Artificial Intelligence

Friday, May 12: Deadline Monday, April 3: Project Friday, March 31: Exam Wednesday, March 29: AI milestones Monday, March 27: Review Friday, March 17: Logical reasoning Wednesday, March 15: Probabilistic reasoning Monday, March 13: Workday Friday, March 10: nltk Wednesday, March 8: Text classification Monday, March 6: Neural networks Friday, March 3: sklearn Wednesday, March 1: Decision trees Monday, February 27: Classification Friday, February 24: Function approximation Wednesday, February 22: Reinforcement learning Monday, February 20: Stochastic environments Wednesday, February 15: Exam Monday, February 13: Review Friday, February 10: Alpha-beta pruning Wednesday, February 8: Minimax Monday, February 6: Adversarial search Friday, February 3: Genetic algorithms Wednesday, February 1: Simulated annealing Monday, January 30: Hill-climbing Friday, January 27: Puzzle solving Wednesday, January 25: Heuristic search Monday, January 23: Simple search Friday, January 20: Framework Wednesday, January 18: Introduction
Course overview

The field of artificial intelligence seeks to reproduce human abilities in engineered artifacts, for reasons ranging from convenience to curiosity. Attempts to replicate the many facets of human intelligence have produced a wide variety of useful techniques. In this course, you will learn how programs can do things like:

The main goal of this course is to show you some sophisticated tools for solving complex problems. A secondary goal is to develop your programming skills by implementing more advanced algorithms than you may have worked with before.


CS 256. This course assumes that you are a programmer with experience using common data structures.


Artificial Intelligence: A Modern Approach, 2nd or 3rd Edition by Russell & Norvig. Some reading in this text will be required as part of each homework assignment.

Office hours

My regular office hours this semester are 12:00-2:00 Tues/Thurs. If you have other commitments during those times, we can make other arrangements as needed.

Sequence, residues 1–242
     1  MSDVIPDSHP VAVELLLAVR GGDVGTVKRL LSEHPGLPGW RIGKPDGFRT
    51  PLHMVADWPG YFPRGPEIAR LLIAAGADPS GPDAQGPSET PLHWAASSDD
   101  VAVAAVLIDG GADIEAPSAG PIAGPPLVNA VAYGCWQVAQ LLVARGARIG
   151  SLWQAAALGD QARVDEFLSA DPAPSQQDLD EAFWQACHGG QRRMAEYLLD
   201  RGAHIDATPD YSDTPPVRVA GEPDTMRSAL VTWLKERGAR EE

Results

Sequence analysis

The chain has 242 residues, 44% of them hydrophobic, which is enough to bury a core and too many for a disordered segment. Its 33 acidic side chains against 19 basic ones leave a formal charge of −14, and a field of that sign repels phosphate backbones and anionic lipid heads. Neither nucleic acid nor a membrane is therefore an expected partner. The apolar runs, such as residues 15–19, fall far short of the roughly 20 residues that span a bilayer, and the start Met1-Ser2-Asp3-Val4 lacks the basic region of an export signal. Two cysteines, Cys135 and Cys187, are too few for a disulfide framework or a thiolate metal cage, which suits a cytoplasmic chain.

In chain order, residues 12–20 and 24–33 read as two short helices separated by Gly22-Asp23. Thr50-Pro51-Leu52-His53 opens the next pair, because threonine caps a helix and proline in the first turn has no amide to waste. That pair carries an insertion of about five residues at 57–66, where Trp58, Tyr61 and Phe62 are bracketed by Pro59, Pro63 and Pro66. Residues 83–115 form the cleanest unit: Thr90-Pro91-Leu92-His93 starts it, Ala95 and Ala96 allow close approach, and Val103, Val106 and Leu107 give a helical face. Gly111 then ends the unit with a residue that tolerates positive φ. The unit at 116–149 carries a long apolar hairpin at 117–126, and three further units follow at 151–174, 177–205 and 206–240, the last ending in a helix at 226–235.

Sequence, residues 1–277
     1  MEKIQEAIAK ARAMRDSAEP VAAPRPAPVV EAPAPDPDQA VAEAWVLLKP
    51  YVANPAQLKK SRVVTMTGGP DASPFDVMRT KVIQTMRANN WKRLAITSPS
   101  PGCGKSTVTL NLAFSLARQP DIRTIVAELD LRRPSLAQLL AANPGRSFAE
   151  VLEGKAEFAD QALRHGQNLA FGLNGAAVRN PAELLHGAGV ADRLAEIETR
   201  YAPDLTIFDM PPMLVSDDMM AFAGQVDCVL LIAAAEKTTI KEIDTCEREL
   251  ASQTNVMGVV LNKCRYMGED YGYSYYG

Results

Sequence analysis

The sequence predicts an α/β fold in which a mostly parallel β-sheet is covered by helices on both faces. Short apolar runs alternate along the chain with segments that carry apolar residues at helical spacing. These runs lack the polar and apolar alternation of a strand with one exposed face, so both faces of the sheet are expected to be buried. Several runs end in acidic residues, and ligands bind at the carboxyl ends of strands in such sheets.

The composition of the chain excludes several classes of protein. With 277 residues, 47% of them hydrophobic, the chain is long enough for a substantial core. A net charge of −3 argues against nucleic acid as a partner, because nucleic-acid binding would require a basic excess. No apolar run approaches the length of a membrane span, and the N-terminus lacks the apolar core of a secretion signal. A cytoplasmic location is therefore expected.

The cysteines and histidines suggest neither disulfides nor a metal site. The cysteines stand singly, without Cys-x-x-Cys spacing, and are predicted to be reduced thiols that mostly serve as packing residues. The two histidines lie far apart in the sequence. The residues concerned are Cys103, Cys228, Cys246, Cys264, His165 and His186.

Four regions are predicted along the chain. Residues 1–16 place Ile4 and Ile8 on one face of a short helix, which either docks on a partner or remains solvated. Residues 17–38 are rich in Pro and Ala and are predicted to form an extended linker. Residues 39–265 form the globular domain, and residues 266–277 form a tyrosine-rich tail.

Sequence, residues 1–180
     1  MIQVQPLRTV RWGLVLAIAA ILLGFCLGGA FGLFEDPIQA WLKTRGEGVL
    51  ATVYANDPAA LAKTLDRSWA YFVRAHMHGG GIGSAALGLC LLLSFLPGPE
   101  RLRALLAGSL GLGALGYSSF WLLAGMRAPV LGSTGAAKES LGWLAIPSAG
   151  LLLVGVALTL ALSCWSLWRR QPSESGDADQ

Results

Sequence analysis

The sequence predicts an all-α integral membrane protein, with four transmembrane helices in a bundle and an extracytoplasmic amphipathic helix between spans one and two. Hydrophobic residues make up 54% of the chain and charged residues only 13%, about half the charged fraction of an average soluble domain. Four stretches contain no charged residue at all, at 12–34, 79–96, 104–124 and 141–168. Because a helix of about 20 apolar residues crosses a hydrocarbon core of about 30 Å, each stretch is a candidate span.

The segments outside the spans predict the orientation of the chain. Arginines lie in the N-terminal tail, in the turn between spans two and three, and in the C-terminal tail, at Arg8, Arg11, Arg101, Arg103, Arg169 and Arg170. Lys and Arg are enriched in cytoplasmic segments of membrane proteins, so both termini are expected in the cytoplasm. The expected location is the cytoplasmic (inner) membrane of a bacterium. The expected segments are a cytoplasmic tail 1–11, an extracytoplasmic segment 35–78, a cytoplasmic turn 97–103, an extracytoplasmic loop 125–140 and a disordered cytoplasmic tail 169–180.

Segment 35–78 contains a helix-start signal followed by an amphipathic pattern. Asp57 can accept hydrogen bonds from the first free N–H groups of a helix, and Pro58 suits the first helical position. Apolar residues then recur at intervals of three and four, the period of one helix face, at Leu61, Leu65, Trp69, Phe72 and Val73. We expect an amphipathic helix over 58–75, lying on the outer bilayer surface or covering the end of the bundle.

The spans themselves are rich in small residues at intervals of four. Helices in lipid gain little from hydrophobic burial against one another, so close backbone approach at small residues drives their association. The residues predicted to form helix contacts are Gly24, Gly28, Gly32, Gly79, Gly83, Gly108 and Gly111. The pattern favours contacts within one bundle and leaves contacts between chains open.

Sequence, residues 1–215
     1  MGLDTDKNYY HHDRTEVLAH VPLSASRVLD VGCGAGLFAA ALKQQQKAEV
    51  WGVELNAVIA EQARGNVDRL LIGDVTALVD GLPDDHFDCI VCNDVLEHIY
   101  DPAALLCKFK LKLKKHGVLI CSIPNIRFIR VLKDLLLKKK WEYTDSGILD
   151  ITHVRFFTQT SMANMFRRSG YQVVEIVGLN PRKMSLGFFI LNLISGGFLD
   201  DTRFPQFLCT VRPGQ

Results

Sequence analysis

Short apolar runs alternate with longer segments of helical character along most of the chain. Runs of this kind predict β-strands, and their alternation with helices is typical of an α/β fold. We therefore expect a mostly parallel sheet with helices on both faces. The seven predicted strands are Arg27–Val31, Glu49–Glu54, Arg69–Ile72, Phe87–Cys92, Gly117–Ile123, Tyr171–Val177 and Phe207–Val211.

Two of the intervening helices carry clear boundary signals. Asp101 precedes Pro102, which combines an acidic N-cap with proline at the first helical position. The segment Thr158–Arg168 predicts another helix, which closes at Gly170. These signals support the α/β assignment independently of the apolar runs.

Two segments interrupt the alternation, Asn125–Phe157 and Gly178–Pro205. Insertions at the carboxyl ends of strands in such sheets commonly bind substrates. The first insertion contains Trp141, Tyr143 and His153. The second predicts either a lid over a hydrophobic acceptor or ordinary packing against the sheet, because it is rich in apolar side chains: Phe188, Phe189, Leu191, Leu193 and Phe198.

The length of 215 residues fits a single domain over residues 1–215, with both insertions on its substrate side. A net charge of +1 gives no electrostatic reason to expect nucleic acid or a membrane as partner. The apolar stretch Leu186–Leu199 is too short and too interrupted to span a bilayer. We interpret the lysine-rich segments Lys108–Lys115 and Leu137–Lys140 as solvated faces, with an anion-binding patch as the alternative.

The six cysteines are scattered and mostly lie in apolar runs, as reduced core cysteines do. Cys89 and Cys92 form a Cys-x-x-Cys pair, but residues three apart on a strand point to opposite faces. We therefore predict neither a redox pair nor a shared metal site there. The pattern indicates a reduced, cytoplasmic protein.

If your learning or participation in this course may be affected by a disability or any other factor, please talk to me early in the semester so that we can arrange appropriate accommodations. I will do my best to ensure that everyone can learn effectively.


Being in class will be crucial for your learning in this course. Absences will leave holes in your understanding of course concepts. If you must miss a class, you are expected to work to get caught up before the next class.


Your final grade will be a weighted average of homework (40%), exams (30%), and a project (30%). This table shows how averages translate to the 4-point scale. Please note that I set a high bar for a 4.0 and there is no such thing as extra credit.

Academic integrity

It is important to me that you conduct your work in this course with academic integrity. That means abiding by the specific policies outlined below, as well as the general guidelines in the Student Handbook. It is my responsibility to report violations of these policies to the Dean.


There will be a sequence of assignments during the first few months of the course that will require a mix of programming and written work.


There will be two exams with written problems based on the homework. Expect them to take place towards the end of February and the beginning of April.


The last month or so of the semester will be dedicated to a large project, in which you (and perhaps a partner) will choose an interesting problem to solve using AI techniques.


Things you might find useful:

We will be using Sakai for homework submission and grade tracking.